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According to this article:

The Pronunciation of ‘C’ and ‘G’ generally (but not always) depends upon the letter following either 'C' or 'G'. If the following letter is ‘E’, ‘I’ or ‘Y’, the pronunciation is said to be “soft” (as in cell & large). If the following letter is anything else - including a space - the pronunciation is termed “hard”. (as in call & great)

I'm wondering if these letters (‘C’ and ‘G’) retain their pronunciation in blend words.
For example consider the word "Regex". This word is made from combining "Regular" and "Expression". How should the letter "g" in Regex be pronounced? Soft, like in "General"? or hard, like in "Regular"?

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Those "rules" don't always apply. Celt and girdle, for example, have the "hard" pronunciations. – FumbleFingers Jan 27 '12 at 17:59
Bagel, auger, target, lager ... and I've never heard Regex pronounced with the hard g. Too "hard" to enunciate it that way, in my opinion. – Robusto Jan 27 '12 at 19:50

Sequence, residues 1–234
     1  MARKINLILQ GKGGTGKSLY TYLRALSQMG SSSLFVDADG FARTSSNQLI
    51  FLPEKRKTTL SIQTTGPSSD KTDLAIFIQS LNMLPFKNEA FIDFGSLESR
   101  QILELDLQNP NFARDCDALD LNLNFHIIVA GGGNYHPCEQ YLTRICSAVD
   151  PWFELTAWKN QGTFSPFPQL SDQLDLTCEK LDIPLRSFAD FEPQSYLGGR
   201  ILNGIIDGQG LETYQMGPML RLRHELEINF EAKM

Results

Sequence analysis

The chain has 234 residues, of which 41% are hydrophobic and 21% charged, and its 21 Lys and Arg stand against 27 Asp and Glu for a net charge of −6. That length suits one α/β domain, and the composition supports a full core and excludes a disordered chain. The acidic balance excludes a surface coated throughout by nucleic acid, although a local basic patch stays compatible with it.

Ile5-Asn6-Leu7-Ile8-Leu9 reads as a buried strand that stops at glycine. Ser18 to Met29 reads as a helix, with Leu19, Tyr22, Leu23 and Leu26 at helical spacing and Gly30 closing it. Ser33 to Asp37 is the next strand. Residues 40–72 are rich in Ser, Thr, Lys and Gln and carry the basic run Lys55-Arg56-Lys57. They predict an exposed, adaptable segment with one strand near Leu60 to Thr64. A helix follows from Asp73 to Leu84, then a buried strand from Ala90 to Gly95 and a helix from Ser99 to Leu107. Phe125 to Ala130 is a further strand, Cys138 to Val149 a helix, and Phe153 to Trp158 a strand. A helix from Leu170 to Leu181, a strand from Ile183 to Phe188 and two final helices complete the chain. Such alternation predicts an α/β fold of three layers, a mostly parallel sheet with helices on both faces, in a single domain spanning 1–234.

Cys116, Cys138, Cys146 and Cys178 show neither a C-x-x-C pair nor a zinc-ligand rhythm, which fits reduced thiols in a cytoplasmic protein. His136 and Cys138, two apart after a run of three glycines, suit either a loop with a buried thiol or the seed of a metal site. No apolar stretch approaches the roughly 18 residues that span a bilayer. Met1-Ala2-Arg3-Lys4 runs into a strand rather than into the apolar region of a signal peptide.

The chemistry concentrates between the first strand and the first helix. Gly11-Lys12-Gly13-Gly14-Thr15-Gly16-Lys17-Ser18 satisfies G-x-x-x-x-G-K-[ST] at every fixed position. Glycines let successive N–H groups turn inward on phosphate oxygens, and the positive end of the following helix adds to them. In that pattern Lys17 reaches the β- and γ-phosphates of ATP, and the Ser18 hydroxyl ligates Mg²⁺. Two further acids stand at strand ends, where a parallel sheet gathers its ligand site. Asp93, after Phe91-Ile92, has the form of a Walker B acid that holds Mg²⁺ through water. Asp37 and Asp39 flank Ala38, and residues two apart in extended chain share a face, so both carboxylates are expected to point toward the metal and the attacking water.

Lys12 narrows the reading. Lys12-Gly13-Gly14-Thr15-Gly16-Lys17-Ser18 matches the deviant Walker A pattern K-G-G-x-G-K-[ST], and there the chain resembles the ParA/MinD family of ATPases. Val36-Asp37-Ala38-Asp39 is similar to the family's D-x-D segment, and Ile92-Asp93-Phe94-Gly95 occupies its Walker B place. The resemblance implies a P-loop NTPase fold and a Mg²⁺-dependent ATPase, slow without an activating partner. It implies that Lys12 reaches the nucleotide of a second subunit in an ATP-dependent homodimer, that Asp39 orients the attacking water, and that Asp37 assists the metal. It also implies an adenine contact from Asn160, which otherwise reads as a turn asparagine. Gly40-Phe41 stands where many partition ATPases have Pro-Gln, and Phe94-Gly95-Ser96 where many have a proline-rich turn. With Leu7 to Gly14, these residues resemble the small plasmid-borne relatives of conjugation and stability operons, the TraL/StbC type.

up vote 7 down vote accepted

There is no "should" or prescriptive rule for pronunciation of unfamiliar words. What people do which resembles a rule is to apply common patterns, such as soft g before e, when a new word comes along.

As this new word circulates, you are likely to hear a lot of “rEH-jeks”, following the common pattern, but also a lot of “rEGG-ex”, after the word “rEGG-u-lar”. And eventually one will win the day. We'll just have to wait to see how it turns out.

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No doubt you meant "such as soft g before e"? – Cerberus Dec 15 '12 at 11:46
Think about GIGO, which always has a g sound, not a j sound. – tchrist Dec 16 '12 at 1:14

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